Tortured and killed: Kashmir's vulnerable policemen

Mohammad Ashraf Dar was killed in front of his one-year-old daughter. Courtesy: BBC

At least 31 policemen in Indian-administered Kashmir have been killed by militants this year, according to official estimates. Sameer Yasir reports on how the state’s police force is bearing the brunt of the insurgency.

Mohammad Ashraf Dar was killed in his kitchen in front of his one-year-old daughter on 22 August. It was the day of Eid-ul-Adha, a holy Muslim festival.

The 45-year-old sub-inspector was posted to central Kashmir but he had come home to spend the holiday with his wife and three children.

His family lives in the tiny village of Larve, surrounded by paddy fields and apple orchards, in southern Kashmir’s Pulwama district. The region has witnessed a fresh spiral of deadly violence, sparked by the killing of a popular militant leader, Burhan Wani, in July 2016 by Indian security forces.

And policemen, many of them local Muslims, have become the most vulnerable targets as violence escalates in the region.

In recent months, they have even been advised to avoid visiting their homes. If they do, they should take “extreme precautions”, particularly in the southern region, said the Director General of Jammu and Kashmir Police, Shesh Paul Vaid.

‘Like negotiating mines’

Dar’s colleagues said he was asked by his friends and family to stay away from home but he had said he had no need to hide. “Am I a thief? I have never wronged anyone,” he had said.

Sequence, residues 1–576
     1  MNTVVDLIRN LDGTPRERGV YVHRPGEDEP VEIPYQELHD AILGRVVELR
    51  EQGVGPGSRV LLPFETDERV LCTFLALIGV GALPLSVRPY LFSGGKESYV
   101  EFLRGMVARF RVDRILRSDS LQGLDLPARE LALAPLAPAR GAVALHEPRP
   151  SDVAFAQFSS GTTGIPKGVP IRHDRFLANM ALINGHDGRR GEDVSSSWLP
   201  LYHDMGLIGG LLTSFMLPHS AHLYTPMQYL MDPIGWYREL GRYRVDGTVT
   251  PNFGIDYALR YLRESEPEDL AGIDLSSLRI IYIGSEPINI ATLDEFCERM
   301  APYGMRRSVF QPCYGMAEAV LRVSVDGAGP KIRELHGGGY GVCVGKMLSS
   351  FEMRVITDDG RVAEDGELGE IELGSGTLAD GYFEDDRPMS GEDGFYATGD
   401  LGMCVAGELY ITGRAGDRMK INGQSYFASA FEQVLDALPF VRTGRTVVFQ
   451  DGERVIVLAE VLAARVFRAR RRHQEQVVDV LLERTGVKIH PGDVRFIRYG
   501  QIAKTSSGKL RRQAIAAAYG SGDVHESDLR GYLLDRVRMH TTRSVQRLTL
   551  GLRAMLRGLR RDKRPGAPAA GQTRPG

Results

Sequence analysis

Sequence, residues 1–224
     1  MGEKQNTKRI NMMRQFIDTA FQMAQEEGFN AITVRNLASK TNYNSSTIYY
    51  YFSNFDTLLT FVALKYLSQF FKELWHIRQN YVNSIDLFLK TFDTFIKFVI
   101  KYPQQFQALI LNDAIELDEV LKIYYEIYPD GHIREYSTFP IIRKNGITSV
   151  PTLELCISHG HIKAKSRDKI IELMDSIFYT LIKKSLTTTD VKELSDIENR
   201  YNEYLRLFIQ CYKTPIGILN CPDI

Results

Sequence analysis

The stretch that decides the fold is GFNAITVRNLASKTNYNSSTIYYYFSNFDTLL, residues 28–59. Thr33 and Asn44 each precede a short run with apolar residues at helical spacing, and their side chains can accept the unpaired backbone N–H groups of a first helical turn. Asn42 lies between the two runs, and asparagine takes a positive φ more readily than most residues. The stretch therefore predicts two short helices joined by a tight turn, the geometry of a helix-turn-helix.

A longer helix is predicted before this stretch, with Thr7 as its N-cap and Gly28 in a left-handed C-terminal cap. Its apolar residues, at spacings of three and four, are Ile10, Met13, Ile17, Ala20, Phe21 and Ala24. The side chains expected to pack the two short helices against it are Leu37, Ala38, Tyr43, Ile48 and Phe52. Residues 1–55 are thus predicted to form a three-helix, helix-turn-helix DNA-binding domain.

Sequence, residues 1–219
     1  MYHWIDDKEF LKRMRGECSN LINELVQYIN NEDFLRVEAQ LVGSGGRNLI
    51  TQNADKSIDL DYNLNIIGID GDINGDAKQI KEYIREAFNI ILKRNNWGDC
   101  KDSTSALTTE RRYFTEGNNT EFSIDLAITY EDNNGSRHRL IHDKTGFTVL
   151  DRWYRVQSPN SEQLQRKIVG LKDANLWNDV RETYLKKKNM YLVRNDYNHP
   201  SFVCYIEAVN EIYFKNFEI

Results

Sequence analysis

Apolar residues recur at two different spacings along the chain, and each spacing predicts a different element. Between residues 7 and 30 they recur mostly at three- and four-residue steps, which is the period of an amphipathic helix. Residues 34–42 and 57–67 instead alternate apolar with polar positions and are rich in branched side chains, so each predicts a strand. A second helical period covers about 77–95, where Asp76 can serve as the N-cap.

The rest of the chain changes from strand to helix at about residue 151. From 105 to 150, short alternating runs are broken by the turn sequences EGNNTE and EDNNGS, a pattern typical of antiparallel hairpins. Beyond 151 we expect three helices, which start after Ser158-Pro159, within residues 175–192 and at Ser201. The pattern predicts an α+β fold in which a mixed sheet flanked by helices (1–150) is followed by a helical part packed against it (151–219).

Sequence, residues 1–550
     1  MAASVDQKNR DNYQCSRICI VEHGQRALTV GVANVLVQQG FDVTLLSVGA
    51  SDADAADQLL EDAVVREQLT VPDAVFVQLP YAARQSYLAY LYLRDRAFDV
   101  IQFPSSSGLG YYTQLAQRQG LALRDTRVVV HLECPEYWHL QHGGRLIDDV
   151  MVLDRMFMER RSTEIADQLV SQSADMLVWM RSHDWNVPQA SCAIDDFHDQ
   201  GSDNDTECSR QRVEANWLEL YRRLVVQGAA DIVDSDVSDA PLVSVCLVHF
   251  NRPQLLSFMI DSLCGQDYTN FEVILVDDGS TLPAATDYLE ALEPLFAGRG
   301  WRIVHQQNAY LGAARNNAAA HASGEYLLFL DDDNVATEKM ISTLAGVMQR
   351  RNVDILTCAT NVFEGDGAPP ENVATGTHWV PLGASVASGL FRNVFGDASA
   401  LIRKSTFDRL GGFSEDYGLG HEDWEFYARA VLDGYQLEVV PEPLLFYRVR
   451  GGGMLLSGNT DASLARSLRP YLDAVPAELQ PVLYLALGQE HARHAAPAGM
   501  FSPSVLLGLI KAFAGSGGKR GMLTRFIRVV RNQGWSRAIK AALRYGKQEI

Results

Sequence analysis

“The life of a local policeman fighting a homegrown insurgency is like walking on a road filled with landmines,” said Ghulam Qadir, Dar’s father.

Muslim separatists have waged a violent campaign against Indian rule in Muslim-majority Kashmir since 1989. The region remains a subject of bitter dispute between India and Pakistan, who have fought two out of three wars over it. India has long accused Pakistan of fuelling the unrest, a charge Islamabad denies.

The insurgency, which had begun to wane since the late 1990s, intensified in 2016 after Wani’s death. When Kashmiris took to the streets to protest, security forces used “pellet guns”, a kind of shotgun, against them.

Indian forces had said that the pellets, made of rubber-encased steel, were not lethal but they killed dozens of people and injured more than 1,500 others, blinding hundreds of bystanders including children who were caught in the crossfire.

Since then, the number of militants being killed has also shot up. In 2017 alone, 76 militants were killed – the highest in a decade – according to police. And this year, 66 were killed only in south Kashmir.

For decades, the Indian government did not deploy policemen in their own towns or neighbourhoods in Kashmir in order to protect their identities and their families. But in the restive south – in districts such as Pulwama – as more local youth join the insurgency, the attacks on policemen have grown.

No militant group has recently said it killed any policeman, even in Dar’s case, which was a high-profile killing.